The Denver Nuggets once again thoroughly dominated the second half to defeat the Los Angeles Clippers, 104-89, in Tuesday night's Game 7 to advance to the Western Conference finals. It was the second straight series that Denver erased a 3-1 series deficit, something no NBA team has ever done, and they'll now meet the Los Angeles Lakers with a chance to reach the NBA Finals for the first time in franchise history.
Denver was led by its dynamic duo of Nikola Jokic and Jamal Murray. Murray led all scorers with 40 points on 6-of-13 3-point shooting, while Jokic finished with 16 points, 22 rebounds and 13 assists. Montrezl Harrell led the Clippers with 20 points off the bench, with Kawhi Leonard and Paul George combining for just 24 points on 10-for-38 shooting.
The Clippers held a 12-point lead in the first half, but just as they did in Games 5 and 6, the Nuggets went to work in the second half to put the Clippers away. With Leonard, George and a deep supporting cast, the Clippers were considered the NBA title favorite for much of the season. They'll now leave the bubble after three straight disappointing losses.
Below are four takeaways from a wild series finale.
1. Jokic and Murray are a superstar duo
Last summer was all about the NBA's superstar duos. There was Anthony Davis and LeBron James with the Lakers, Leonard and George with the Clippers, MVPs James Harden and Russell Westbrook on the Houston Rockets, Kevin Durant and Kyrie Irving in Brooklyn -- even Portland's Damian Lillard and CJ McCollum in some people's eyes. You'd be hard pressed to find anyone outside of Denver who listed Murray and Jokic in that group, but they've proven without a doubt during this postseason run that they belong in the middle of the conversation.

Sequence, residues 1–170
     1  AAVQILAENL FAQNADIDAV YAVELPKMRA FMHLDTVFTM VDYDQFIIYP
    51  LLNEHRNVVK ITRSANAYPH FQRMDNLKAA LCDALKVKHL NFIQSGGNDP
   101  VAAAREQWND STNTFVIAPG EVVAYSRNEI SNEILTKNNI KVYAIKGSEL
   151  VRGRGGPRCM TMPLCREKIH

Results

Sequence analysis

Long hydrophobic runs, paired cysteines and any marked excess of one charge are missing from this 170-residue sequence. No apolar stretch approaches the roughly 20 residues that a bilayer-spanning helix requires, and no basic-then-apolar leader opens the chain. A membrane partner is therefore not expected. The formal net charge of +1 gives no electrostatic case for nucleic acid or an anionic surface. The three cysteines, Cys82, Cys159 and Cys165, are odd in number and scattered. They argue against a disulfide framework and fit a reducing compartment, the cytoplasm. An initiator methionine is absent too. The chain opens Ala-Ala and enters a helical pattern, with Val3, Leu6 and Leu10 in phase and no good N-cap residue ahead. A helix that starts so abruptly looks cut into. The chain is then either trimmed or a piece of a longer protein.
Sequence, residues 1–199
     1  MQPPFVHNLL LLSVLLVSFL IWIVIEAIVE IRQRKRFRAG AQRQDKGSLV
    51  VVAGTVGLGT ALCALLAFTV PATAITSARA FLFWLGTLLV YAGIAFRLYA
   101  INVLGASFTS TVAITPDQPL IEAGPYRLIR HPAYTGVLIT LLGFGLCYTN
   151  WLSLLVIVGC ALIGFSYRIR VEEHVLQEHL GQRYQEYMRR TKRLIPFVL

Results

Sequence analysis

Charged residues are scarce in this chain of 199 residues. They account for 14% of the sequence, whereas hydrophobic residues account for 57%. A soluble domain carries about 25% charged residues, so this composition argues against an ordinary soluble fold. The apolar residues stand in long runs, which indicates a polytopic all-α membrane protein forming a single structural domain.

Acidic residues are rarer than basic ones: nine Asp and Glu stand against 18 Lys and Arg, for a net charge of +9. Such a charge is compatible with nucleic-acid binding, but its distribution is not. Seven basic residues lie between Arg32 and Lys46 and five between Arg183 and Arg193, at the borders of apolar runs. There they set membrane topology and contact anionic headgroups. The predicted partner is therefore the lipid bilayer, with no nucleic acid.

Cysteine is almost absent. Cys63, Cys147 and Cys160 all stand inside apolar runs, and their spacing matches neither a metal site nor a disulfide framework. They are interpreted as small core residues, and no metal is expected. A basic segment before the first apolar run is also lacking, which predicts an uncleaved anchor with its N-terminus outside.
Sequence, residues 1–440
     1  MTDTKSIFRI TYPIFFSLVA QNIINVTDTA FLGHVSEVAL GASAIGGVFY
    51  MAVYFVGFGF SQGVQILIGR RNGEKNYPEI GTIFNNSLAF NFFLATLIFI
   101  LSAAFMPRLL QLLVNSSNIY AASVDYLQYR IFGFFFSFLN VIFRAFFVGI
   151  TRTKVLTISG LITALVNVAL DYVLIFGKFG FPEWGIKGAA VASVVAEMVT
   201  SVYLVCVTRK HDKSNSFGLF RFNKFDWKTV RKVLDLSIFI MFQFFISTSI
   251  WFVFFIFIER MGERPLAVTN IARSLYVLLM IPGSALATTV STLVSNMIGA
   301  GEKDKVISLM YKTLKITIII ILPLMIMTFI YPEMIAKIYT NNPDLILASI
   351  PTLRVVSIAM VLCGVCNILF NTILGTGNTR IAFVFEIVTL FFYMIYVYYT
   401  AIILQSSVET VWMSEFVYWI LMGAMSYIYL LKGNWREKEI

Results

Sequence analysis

Jokic was an absolutely unwinnable matchup for the Clippers all series, with his full offensive arsenal on display from shooting to posting up to his unparalleled passing and playmaking. He set the tone early in Game 7 and never relented.
Murray, who averaged 31.6 points in Denver's opening-round series win over the Jazz including two 50-point outbursts, was held in check as a scorer for most of the Clippers series while being defended by their wide array of strong wings, but he didn't force the issue, shooting 45 percent from the field and 44 percent from 3-point range for the series. He also showed improved playmaking and patience, averaging 6.4 assists per game.
There was no better apples-to-apples comparison than watching Murray and Jokic put up huge performances in the biggest game of their careers, while Leonard and George missed shot after shot down the stretch. There's no more talk about what Murray and Jokic can one day be as a duo -- they've proven they're here now, and they're here to stay.
2. Another Clippers collapse?
All credit goes to the Nuggets for snatching this series from the clutches of defeat, but it's impossible to ignore Clippers history in light of this devastating loss. After leading by 16 points in Game 5, 19 points in Game 6 and 12 points in Game 7, the Clippers had every opportunity to slam the door shut and advance to the conference finals for the first time in franchise history. They looked out of sorts in the second half of each of the last three games, and despite Denver's strong defense, missed a lot of makeable shots down the stretch. They missed their first 10 shots of the fourth quarter in Game 7 as the Nuggets pulled away, and were never able to recover.